Data Protection at the Heart of New Connecticut Law
This summer, Governor Malloy enhanced data protection for Connecticut residents by signing into law AN ACT IMPROVING DATA SECURITY AND AGENCY EFFECTIVENESS, Public Act No. 15-142, which addresses data security on a variety of fronts.
Existing laws generally require that anyone who conducts business in the state and who stores personal information must disclose a security breach without unreasonable delay to affected state residents and to the Attorney General. Failing to do so constitutes an unfair trade practice under CUTPA (the Connecticut Unfair Trade Practices Act). (CGS 36a-701b). Public Act No. 15-142 clarifies that the notice of a breach must be given within 90 days after the breach is discovered, and that identity theft protection and, if applicable, identity theft mitigation services, must be offered to victims.
Another provision of the new law is directed toward contractors that receive Confidential Information from a state agency under its contract. In addition to the breach notification and remediation required under CGS 36a-701b, Connecticut state contractors are now required to take specified precautions against data breaches, such as having an active data security program, limiting access to the information, and using preventive technology, etc., as well as having a breach investigation system in place. If a breach should occur (or is even suspected to have occurred), the contractor must report it to the agency as well as the AG’s office.
Confidential Information is defined to include most numbers that identify an individual these days in official and non-official settings: social security or other tax ID numbers, driver’s license numbers, passport numbers, etc.; but also health insurance ID numbers, financial account numbers, etc. “Confidential Information” also includes biometrics: images of fingerprints, retina scans, etc. For an add-on, the state agency can designate as ‘confidential’ any information it shares with the contractor beyond the statutory listing. As broad as the definition is, it expressly excludes information that is lawfully public.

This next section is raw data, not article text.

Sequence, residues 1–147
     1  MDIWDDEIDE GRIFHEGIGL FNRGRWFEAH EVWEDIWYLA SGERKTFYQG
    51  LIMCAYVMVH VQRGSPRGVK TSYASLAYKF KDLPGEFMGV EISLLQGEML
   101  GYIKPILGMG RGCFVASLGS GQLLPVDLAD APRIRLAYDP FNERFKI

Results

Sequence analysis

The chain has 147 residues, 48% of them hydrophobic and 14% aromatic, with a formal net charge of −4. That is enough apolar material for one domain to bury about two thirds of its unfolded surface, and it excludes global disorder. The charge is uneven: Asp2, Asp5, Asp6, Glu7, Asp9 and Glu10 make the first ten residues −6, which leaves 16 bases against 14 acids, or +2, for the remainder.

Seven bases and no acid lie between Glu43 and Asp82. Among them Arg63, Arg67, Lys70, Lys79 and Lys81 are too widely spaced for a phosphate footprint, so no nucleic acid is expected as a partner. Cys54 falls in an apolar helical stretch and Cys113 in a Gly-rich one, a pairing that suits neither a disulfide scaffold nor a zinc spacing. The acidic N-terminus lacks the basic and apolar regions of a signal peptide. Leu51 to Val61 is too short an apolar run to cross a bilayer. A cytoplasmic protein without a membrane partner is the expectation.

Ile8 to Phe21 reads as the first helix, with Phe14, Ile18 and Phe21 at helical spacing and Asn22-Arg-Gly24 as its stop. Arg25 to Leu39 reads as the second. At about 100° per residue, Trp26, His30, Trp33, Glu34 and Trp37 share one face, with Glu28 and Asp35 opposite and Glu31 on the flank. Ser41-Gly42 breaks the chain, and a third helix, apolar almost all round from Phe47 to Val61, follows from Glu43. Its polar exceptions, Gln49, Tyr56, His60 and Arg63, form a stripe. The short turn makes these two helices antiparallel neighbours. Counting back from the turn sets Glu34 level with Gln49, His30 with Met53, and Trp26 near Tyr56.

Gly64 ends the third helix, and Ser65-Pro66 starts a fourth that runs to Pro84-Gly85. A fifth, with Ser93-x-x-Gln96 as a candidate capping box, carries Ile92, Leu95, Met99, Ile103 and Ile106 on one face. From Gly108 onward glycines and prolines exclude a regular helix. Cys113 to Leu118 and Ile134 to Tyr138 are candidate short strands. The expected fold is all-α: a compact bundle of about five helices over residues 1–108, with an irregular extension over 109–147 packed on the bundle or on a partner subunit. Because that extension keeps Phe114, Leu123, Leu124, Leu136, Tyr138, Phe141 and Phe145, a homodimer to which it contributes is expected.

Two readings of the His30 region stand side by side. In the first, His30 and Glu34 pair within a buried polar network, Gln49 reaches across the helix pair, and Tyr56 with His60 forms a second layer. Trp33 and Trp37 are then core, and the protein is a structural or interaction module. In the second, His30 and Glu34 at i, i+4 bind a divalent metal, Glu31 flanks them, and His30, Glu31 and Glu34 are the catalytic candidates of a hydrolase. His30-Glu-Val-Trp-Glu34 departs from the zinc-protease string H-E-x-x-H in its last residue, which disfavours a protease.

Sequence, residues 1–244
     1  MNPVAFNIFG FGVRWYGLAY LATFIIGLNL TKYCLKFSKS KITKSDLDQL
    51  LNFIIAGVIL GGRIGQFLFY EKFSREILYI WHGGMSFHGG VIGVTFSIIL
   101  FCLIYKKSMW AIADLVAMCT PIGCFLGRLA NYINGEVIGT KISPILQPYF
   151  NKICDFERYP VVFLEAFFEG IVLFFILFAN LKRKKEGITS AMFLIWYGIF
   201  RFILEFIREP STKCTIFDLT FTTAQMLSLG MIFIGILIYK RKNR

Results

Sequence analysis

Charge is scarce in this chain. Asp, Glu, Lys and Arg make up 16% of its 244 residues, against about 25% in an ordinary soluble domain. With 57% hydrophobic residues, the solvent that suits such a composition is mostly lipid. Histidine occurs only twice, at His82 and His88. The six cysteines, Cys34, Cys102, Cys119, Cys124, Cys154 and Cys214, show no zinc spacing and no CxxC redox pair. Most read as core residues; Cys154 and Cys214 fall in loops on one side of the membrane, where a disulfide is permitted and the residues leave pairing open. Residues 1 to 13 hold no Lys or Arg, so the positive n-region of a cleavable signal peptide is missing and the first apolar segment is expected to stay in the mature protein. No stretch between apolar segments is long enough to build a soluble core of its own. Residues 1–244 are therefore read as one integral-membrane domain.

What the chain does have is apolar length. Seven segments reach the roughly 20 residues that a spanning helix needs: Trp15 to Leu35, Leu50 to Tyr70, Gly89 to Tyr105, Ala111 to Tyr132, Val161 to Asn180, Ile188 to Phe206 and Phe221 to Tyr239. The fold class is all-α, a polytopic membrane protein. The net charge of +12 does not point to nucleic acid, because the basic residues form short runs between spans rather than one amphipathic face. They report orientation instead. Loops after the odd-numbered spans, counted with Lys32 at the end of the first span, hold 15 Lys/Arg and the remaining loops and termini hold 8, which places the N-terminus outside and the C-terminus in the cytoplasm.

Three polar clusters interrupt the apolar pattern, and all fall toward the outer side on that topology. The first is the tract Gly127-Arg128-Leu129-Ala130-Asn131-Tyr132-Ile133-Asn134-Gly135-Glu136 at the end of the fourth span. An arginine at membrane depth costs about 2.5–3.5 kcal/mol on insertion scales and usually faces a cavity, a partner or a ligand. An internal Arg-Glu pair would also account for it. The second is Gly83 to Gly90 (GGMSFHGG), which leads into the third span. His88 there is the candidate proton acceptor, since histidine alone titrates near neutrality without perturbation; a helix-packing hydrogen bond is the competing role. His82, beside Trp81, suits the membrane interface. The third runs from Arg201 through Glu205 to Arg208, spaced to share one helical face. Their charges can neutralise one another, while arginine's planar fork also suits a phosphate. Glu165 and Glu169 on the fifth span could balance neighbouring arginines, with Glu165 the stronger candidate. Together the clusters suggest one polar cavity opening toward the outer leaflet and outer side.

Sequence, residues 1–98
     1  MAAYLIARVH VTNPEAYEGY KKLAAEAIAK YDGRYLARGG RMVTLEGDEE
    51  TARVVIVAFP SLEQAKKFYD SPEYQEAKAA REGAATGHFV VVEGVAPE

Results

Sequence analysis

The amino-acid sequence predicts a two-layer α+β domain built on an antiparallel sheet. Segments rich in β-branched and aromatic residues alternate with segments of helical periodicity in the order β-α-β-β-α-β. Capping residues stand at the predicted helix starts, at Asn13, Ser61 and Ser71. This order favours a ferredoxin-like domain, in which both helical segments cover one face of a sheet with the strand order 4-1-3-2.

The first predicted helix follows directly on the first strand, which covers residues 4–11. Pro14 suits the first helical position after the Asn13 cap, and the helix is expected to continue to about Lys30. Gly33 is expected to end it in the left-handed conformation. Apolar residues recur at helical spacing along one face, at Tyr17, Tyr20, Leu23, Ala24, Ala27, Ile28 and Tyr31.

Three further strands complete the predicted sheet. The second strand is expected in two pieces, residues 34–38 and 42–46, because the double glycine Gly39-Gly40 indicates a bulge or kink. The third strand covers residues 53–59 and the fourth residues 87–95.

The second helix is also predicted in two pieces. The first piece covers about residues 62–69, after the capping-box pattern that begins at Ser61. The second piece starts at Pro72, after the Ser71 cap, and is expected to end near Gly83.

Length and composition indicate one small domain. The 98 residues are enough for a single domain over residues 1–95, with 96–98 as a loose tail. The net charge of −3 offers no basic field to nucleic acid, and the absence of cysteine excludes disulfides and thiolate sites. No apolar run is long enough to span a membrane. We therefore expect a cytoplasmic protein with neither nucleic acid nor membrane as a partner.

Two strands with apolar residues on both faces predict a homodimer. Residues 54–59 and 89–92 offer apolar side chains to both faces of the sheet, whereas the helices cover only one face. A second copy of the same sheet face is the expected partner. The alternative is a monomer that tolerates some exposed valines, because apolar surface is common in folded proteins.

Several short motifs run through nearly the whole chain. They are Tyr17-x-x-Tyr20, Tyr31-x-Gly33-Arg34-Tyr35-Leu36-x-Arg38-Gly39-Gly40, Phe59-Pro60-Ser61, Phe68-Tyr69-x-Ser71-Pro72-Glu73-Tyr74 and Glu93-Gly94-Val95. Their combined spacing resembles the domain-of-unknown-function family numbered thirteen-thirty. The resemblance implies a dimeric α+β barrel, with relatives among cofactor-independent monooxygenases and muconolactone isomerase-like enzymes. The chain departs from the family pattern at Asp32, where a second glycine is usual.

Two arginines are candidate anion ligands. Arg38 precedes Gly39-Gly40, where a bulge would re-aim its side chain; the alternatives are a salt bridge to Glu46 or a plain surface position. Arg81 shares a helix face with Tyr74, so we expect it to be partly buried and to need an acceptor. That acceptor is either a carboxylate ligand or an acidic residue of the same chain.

Another provision of the law states that by October 2017, health insurers are required to implement and maintain a comprehensive information security program to safeguard the personal information these entities compile or maintain on insureds and enrollees. It specifies program requirements, requires that the program be updated at least annually, and requires the entities to offer at least one year of free identity theft prevention and mitigation services if a breach occurs.
The new law also establishes a directive for the Connecticut Office of Policy and Management to (1) develop a program to access, link, analyze, and share data maintained by state executive agencies and (2) respond to queries from state agencies, private entities, or others that would otherwise require access to data maintained by two or more executive agencies. This, hopefully, would make FOIA and other requests easier to submit and to respond to.
Public Act No. 15-142 has been criticized for setting forth a definition of Confidential Information that is overly broad, for requiring the use of certain technologies and effectively making others illegal (thus inhibiting innovation), and for adding on to reporting requirements already required by law (e.g., under HIPPA and FERPA), but it was supported by many, including Mark Raymond, Chief Information Officer, CT Dept. of Administrative Services, and Secretary of State Denise Merrill.
– Fred Spaeth
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This article is for informational purposes, is not intended to constitute legal advice, and may be considered advertising under applicable state laws. The opinions expressed in this article are those of the author only and are not necessarily shared by Dilworth IP, its other attorneys, agents, or staff, or its clients.